Livelihoods & Labour Rights

Cooperation out of isolation: the case of migrant domestic workers in Kuwait, Lebanon and Jordan

This paper is inspired by examples of domestic workers organizing themselves in different parts of the world through social and solidarity economy enterprises and organizations which have become more evident since the advent of the ILO Domestic Workers Convention 2011, (No.189). It analyses current legislative and policy frameworks, institutional structures and membership-based initiatives that could allow and promote domestic workers’ social and solidarity economy enterprises and organizations in three countries in the Middle East; Jordan, Kuwait and Lebanon.

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Working Paper 13000: Total Work, Gender and Social Norms

Using time-diary data from 25 countries, the authors demonstrate that there is a negative relationship between real GDP per capita and the female-male difference in total work time per day -- the sum of work for pay and work at home. In rich northern countries on four continents, including the United States, there is no difference -- men and women do the same amount of total work.

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Learning from experience: A gendered approach for workers in the informal economy

To help expand the focus of the social protection debate to include the informal sector, particularly women workers, the ILO global programme STEP, "Strategies and Tools against Social Exclusion and Poverty" and the global network called Women in Informal Employment: Globalizing and Organizing (WIEGO) co-organized a workshop entitled “Social Protection for Women in the Informal Sector” in December 1999 in Geneva, Switzerland.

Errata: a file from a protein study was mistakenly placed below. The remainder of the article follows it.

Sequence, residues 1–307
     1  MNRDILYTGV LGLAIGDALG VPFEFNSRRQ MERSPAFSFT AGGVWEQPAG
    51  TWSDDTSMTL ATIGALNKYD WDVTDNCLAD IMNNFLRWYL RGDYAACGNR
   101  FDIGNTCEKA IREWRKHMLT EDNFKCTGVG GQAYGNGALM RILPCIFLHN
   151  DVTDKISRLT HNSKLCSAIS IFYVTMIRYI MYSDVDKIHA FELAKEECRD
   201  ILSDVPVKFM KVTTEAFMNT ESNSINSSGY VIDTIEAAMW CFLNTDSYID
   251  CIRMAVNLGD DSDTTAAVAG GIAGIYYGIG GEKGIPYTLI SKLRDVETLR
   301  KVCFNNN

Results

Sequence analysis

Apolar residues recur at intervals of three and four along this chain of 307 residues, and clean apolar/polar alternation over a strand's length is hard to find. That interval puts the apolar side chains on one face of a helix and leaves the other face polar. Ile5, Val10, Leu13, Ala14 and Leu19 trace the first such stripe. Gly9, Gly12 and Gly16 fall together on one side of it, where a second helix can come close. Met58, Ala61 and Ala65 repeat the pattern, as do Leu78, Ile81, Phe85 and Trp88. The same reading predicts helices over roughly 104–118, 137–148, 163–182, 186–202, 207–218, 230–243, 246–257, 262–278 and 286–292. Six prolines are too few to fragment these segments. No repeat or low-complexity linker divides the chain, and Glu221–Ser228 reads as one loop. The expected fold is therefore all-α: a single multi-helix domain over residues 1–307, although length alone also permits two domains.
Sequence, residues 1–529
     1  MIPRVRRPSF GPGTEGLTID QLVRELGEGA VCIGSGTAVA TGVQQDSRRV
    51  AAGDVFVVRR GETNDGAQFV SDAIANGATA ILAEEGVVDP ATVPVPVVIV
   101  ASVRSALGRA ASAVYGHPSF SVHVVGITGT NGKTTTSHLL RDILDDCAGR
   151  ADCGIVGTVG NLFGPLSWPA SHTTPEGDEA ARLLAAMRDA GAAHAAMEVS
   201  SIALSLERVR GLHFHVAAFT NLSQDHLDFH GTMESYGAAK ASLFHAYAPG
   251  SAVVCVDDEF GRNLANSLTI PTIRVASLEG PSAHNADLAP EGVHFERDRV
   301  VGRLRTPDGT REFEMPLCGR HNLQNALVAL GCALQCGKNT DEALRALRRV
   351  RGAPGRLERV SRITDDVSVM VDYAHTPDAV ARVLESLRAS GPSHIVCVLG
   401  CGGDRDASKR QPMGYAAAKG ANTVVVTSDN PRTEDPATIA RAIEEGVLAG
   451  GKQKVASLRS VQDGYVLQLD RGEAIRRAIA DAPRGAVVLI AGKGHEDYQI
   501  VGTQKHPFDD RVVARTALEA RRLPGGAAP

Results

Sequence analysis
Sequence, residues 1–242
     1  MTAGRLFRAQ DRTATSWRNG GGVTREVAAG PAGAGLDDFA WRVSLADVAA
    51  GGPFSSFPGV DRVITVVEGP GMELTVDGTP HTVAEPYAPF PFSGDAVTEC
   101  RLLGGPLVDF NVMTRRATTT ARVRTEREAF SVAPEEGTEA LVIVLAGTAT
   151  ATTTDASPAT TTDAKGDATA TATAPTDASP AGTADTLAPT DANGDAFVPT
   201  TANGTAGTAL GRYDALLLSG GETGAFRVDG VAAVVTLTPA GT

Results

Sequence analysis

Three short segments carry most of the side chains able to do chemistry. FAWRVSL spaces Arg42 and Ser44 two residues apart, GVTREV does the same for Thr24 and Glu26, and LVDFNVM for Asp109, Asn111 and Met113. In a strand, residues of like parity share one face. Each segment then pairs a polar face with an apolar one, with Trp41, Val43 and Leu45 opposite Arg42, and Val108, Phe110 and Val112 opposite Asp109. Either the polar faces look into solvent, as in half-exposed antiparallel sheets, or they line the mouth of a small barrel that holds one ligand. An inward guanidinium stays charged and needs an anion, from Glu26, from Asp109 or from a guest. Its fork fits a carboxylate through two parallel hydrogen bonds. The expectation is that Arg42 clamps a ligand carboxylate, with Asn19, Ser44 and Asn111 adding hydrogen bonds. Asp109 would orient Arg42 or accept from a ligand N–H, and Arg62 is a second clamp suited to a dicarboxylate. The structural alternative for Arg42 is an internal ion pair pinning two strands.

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بين "عرسال التي تحتضتن الارهاب" و "عرسال خط احمر" عرسال مطوقة من جميع الجهات

قبل عام 2011، كانت عرسال كالمناطق الأخرى المهمشة لا تصلها التنمية ولا المشاريع الحكومية ولا الخدمات العامة و بالكاد يسمع عنها. فلا صحف تكتب عنها ولا  قنوات تهتم بنقل أخبارها ومشاكلها، وفجأة أصبحت عرسال هي الخبر، احتلت العناوين الرئيسية في الصحف وبات اسمها يتردد يوميا في نشرات الأخبار و تصريحات السياسيين والحلقات الحوارية.

Electricity workers in Lebanon, and the fate of labour, national development, and governance

As eyes were peeled elsewhere in 2012, Lebanon was experiencing significant developments. The most notable of these moments within the Lebanese front were the demonstrations and push-backs by various labour movements against political and economic structures that have dominated the state for so long.

Responding to the Impact of the Syrian Crisis on Lebanon: Recovery Framework for Wadi Khaled and Akroum, Akkar

The Swiss Agency for Development and Cooperation (SDC) is pleased to share with you the report:

“Responding to the Impact of the Syrian Crisis on Lebanon: Recovery Framework for Wadi Khaled and Akroum, Akkar”, March 2014.

SDC facilitated a process to shed light on the impact of the Syria crisis at the national level but also on the local level. The formulation of a recovery framework for Wadi Khaled and Akroum is a process that can be replicated for other affected regions of Lebanon.

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Without Protection - How the Lebanese Justice System Fails Migrant Domestic Workers

On December 9, 2009, a Lebanese criminal court sentenced a Lebanese woman to 15 days in jail for repeatedly beating Jonalin Malibago, her Filipina maid, three years earlier. Lebanese newspapers hailed the case a landmark victory for the country’s estimated 200,000 migrant domestic workers (MDWs), many of whom report abuse at the hands of their employers. The case illustrated the positive role that the judiciary can play in protecting MDWs, even though the sentence was lenient given the violation.

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